All patients gave written informed consent before inclusion in the study. The NephroTest study design was approved by an ethics committee (Direction générale pour la recherche et l’innovation. Comité consultatif sur le traitement de l’information en matière de recherche dans le domaine de la santé (CCTIRS). Réf: DGRI CCTIRS MG/CP09.503, 9th July 2009).

Results

Patient Characteristics at baseline and associations with sCK levels

In the study, 1801 individuals were included, and the median baseline sCK level was 122 (IQR = 80–181) UI/L; the median age of participants at inclusion was 61 (48–71) years, and most of the patients were male (67%) (Table 1). Twenty-seven percent of the patients were diabetic. The median mGFR was 40 (29–55) ml/min. Taken as a continuous variable, sCK levels were higher in men (133 (91–199) UI/L in men vs 98 (67–145) in women, p<0.001). Normal laboratory ranges of sCK are different in men and women, and establishing sCK thresholds for high or low values requires differentiating men from women. We therefore used gender-specific tertiles to study sCK, with cutoff points of 106 and 171 UI/l in men and 76 and 124 UI/l in women. A higher sCK tertile was significantly associated with a lower age (p<0.001), high 24-h UCr (p<0.001), and high BMI (p<0.001) but not with mGFR or eGFR. As expected, statin use at inclusion was associated with a higher sCK level (p = 0.03). sCK levels were higher in patients with diabetes and diabetic nephropathy (S1 Table).

Mortality and ESRD risk according to baseline sCK level

Over a median follow-up period of 6.0 years (3.6–8.5), 327 (18%) patients died including 221 (12%) before ESRD, and 377 (21%) patients reached ESRD. Patient overall survival and pre-ESRD survival were significantly lower in patients with the lowest baseline sCK level (Fig 2A and 2B). Indeed, patients in the lowest gender-specific sCK tertile had a crude higher risk of death (Hazard Ratio (HR) of 1.77, 95% CI (1.35–2.32) compared to the highest sCK tertile). The lowest sCK tertile was consistently associated with the highest risk of death after adjustment for covariates (Table 2 and S2 Table). In the fully adjusted model (model 5a), using the third (highest) gender-specific sCK tertile as reference HR, the adjusted HR for death (95% CI) was 1.37 (1.02–1.86) for the lowest sCK tertile. In addition to baseline sCK levels, several covariates were independent risk factors for death: age (p<0.001), measured GFR (p<0.001), history of cardiovascular disease (p<0.001), serum albumin (p = 0.04) and prealbumin (p = 0.008), smoking status (p = 0.006) and proteinuria (p = 0.002) (Table 3). Similar results were obtained using pre-ESRD mortality as end-point (S3 Table).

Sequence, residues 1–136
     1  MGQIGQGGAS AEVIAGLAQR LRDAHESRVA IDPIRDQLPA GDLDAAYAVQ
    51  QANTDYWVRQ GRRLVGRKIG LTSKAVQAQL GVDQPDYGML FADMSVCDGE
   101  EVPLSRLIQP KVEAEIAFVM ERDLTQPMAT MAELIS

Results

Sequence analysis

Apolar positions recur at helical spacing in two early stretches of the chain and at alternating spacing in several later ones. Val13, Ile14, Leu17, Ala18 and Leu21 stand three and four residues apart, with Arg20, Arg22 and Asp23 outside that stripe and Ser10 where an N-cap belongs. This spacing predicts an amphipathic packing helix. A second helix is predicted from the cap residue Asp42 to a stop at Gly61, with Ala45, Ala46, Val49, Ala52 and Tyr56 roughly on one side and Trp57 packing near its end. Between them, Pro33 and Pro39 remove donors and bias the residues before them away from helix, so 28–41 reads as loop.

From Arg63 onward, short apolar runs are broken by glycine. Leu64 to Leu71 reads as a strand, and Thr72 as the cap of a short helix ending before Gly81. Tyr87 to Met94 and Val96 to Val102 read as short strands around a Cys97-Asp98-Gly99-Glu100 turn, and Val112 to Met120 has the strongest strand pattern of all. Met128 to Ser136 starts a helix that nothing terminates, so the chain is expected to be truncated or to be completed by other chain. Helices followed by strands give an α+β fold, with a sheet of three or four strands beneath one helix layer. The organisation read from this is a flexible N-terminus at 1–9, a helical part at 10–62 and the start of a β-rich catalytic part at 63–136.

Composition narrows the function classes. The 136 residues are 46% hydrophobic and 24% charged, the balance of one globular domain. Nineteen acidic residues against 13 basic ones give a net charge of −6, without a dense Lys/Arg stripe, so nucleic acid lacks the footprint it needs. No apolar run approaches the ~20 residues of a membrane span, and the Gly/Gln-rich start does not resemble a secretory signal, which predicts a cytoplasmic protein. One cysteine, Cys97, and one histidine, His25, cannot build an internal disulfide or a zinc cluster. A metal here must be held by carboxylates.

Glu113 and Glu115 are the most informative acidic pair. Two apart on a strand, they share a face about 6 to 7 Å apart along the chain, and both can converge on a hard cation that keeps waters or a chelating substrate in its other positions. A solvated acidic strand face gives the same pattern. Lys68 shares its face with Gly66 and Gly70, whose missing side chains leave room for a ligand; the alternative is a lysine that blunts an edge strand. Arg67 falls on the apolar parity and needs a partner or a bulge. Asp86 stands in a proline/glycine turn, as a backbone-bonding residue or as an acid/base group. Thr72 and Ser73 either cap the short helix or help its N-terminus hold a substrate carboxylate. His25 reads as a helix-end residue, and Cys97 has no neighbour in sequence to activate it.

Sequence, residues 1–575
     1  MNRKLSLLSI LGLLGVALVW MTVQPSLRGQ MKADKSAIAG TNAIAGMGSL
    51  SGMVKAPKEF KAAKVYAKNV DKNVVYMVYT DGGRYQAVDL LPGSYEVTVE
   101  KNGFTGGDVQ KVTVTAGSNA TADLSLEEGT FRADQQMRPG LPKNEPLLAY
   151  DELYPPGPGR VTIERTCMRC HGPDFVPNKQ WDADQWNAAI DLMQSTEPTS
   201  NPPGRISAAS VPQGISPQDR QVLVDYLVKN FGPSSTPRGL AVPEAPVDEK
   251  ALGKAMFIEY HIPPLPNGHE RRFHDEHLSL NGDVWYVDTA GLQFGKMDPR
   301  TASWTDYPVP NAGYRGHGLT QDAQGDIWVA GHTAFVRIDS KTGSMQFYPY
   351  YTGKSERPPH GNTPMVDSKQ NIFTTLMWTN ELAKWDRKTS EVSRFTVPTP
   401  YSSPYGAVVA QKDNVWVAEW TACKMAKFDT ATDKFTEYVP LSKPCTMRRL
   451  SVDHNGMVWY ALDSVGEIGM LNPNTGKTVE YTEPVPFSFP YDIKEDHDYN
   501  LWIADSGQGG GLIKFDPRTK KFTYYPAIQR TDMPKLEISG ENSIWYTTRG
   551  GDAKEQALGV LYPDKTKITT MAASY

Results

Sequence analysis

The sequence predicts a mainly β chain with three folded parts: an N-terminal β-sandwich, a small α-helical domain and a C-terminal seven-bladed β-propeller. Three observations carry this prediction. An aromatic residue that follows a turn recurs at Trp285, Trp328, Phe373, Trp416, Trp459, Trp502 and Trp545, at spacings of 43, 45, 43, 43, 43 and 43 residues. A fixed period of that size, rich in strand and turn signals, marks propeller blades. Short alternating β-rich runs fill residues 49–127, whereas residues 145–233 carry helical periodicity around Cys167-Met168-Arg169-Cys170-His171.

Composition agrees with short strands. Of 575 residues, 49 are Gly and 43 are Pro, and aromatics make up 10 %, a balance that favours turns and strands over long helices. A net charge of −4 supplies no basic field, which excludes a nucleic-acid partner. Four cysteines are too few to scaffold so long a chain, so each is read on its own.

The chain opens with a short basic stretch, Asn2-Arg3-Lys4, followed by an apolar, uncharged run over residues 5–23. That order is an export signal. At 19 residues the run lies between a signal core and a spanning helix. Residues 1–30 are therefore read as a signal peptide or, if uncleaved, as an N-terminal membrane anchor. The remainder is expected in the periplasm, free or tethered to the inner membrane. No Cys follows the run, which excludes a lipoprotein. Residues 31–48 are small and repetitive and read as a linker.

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Table 2. Crude and fully-adjusted HRs (95% CI) of death according to baseline gender-specific sCK tertiles.

The highest gender-specific sCK tertile is taken as the reference tertile.

https://doi.org/10.1371/journal.pone.0156433.t002

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Table 3. Multivariate adjusteda HRs (95% CI) of baseline covariates for death.

https://doi.org/10.1371/journal.pone.0156433.t003

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Fig 2. Kaplan-Meier patient survival curves according to gender-specific sCK tertiles.

Kaplan-Meier patient overall survival curve according to gender-specific sCK tertiles. Log-rank test: p<0.001. Fig 2B. Kaplan-Meier pre-ESRD patient survival curve according to gender-specific sCK tertiles. Log-rank test: p<0.001. Fig 2C. Kaplan-Meier renal survival curve according to gender-specific sCK tertiles. Log-rank test: p = 0.9.

https://doi.org/10.1371/journal.pone.0156433.g002

The Kaplan-Meier curve indicates that the incidence of ESRD is comparable between the three sCK tertiles, and the crude HR (95% IC) is 0.98 (0.76–1.26), 1.01 (0.79–1.29) and 1 for the 1st, 2nd and 3rd tertiles, respectively (Fig 2C).

Mortality risk associated with sCK levels over time

Given that sCK may fluctuate over time, we used a time-dependent Cox model to evaluate the crude and adjusted HRs (Table 4 and S4 Table) of mortality associated with sCK levels at each patient visit. In the crude model, mortality risk was significantly higher in the lowest gender-specific sCK tertile compared with the third (highest) sCK tertile: HR (95% IC) 2.13 (1.63–2.77). These results were similar in the different adjusted models; in the fully adjusted model (model 5a), using the third (highest) gender-specific sCK tertile as a reference HR, the adjusted HR for death (95% CI) was 2.17 (1.51–3.12) for the lowest sCK tertile.

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Table 4. Crude and fully-adjusted HRs (95% CI) of death according to time-dependent gender-specific sCK tertiles.

https://doi.org/10.1371/journal.pone.0156433.t004

Discussion

Our results indicate that the sCK level is an independent predictor of mortality but not ESRD in patients with CKD. Furthermore, our data support the hypothesis that the sCK level can be used as a proxy for muscle mass evaluation.

We excluded 12 patients with an sCK level higher than five times the normal level, as this is the usual biologic threshold for sCK levels to support rhabdomyolysis. High sCK levels at baseline were not associated with ESRD risk, suggesting that moderately elevated sCK might not be accompanied by renal tubular toxicity and incident renal failure that can occur upon rhabdomyolysis.

Rather, we showed that low sCK levels, both at baseline and over the follow-up period, were significantly associated with mortality in CKD patients, independent of confounding factors. This led us to conclude that sCK is an independent and strong risk factor of mortality among CKD patients.